Rein is likely to see plenty of time early in the season, too, with Wallace slated to miss the start of 2017 through injury. Mansour’s devastating knee injury suffered during the Four Nations is a blow, but there is stack of outside-back cover.

Whether the Panthers can live up to expectations is another matter – they struggled in 2015 after surging to a watershed preliminary final appearance the previous season – but on natural ability and potential there are few teams in the NRL that can compete with them.

If there’s a changing of the guard amongst the premiership heavyweights, Penrith are likely to be at the forefront.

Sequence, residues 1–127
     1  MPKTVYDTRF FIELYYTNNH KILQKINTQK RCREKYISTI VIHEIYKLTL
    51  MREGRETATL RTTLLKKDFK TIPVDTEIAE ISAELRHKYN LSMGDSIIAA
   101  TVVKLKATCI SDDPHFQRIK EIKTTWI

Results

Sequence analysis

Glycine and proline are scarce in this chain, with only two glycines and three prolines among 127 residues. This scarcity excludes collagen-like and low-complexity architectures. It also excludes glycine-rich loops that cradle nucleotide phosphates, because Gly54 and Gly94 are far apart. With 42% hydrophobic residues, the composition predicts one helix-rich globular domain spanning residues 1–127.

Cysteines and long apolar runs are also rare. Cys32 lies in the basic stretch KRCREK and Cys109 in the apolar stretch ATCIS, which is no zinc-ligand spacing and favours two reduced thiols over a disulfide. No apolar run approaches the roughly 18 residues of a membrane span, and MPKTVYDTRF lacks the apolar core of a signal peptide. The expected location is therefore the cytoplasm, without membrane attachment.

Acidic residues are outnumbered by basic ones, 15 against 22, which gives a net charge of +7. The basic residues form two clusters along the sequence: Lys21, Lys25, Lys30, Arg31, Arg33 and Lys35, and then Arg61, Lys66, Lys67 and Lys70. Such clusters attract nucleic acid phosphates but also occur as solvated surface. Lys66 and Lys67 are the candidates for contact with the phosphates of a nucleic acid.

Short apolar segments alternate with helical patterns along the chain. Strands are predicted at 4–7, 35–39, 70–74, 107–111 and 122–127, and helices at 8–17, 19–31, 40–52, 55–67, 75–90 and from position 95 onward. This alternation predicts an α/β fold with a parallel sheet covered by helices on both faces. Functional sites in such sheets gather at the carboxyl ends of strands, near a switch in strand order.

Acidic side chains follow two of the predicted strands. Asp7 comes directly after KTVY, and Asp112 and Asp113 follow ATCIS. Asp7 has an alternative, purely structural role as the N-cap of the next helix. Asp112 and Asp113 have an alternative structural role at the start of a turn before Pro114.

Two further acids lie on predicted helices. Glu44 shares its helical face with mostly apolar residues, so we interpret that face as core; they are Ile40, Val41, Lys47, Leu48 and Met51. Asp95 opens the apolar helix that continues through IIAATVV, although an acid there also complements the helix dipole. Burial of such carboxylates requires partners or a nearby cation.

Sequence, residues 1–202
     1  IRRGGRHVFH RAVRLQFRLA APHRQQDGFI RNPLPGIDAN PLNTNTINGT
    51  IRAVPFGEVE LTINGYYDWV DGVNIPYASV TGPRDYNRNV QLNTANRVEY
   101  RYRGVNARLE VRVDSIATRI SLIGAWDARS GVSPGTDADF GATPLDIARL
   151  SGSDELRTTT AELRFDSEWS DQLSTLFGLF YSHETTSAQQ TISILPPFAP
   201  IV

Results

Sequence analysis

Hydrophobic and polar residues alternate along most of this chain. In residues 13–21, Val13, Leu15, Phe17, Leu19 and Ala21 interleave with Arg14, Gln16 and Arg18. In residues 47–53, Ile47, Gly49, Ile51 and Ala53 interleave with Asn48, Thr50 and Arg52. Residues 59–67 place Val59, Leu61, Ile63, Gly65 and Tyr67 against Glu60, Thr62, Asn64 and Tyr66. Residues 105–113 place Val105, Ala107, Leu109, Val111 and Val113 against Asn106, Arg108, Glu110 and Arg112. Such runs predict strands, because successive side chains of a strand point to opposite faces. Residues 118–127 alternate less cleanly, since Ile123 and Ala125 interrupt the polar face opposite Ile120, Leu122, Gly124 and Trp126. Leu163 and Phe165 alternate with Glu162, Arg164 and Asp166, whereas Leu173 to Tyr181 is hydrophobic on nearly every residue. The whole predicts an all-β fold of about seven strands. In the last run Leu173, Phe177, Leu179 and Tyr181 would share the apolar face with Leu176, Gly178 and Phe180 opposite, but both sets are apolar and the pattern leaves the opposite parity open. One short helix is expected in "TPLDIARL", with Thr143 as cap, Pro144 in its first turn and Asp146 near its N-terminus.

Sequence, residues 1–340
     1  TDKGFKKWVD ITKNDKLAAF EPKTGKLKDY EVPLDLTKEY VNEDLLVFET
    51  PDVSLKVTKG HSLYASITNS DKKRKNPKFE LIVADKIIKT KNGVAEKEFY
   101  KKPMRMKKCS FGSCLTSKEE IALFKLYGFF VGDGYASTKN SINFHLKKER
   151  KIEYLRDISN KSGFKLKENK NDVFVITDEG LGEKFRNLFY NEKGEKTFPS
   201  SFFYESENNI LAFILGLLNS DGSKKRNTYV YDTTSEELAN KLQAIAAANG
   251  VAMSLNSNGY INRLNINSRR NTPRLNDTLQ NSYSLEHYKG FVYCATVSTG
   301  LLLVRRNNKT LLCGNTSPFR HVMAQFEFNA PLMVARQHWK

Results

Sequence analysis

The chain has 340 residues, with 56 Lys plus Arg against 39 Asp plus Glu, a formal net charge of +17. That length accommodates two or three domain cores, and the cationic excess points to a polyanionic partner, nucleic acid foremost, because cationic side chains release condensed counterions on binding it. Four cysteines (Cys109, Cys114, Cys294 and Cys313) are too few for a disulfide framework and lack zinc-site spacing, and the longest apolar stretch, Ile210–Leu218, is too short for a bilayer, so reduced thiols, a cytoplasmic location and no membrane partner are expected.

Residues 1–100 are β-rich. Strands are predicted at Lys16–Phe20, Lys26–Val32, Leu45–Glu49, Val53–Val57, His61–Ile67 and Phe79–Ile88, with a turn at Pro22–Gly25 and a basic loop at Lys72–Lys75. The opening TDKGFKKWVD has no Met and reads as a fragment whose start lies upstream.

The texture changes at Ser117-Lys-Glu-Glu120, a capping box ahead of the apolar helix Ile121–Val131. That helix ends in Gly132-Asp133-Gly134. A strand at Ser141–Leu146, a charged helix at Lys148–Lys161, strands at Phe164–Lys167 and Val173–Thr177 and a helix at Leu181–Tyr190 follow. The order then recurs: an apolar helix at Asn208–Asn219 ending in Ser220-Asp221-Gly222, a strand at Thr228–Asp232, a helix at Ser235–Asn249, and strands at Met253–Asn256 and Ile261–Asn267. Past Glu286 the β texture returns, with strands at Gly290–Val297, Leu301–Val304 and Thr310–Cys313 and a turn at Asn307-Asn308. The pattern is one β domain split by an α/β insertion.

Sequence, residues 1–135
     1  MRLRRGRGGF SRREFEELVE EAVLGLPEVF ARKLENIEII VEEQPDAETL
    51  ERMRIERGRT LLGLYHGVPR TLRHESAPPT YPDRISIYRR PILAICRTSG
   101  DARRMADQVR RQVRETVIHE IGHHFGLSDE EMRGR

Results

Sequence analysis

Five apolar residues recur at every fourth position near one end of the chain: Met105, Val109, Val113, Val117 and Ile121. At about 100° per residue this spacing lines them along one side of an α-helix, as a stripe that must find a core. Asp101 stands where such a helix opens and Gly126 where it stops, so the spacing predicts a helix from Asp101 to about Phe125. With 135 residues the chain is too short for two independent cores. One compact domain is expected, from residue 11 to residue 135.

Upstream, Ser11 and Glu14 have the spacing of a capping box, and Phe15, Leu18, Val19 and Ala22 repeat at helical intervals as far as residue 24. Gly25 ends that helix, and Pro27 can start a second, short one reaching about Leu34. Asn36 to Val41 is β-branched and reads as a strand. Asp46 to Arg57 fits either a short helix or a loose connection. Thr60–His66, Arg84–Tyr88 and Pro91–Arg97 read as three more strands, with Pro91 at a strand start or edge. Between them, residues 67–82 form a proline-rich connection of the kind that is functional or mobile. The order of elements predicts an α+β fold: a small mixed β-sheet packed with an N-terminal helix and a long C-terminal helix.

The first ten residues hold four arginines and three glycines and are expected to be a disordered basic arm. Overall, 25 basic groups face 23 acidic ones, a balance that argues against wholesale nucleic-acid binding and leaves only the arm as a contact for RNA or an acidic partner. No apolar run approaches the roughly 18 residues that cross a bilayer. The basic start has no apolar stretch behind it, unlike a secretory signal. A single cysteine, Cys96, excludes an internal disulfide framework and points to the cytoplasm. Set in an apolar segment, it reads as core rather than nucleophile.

BEST RECRUIT: James Tamou adds more experience and class to a youthful Panthers pack brimming with promise and ability. He may have been left out of the Kangaroos’ Four Nations squad, but the veteran of 12 Tests, 14 Origins and 170 NRL games remains one of the code’s premier props.

STRENGTH: A batch of the most talented, confident and daring young players our game possesses, along with just enough experience and mature heads to steer the team in the right direction, and a truckload of depth in most areas.

WEAKNESS: Injuries to key men Josh Mansour and Peter Wallace – two of their best performers in 2016 – could upset the Panthers’ continuity, while they haven’t quite shown they know how to buckle down and grind out a win in an arm-wrestle when required.

KEY MAN: As well as being the Panthers’ captain, Matt Moylan shoulders more of the playmaking load than just about any fullback in the NRL. A brilliant all-round No.1, Moylan’s ascent to Test and Origin status after an injury-hit couple of years will prove a boon for his club.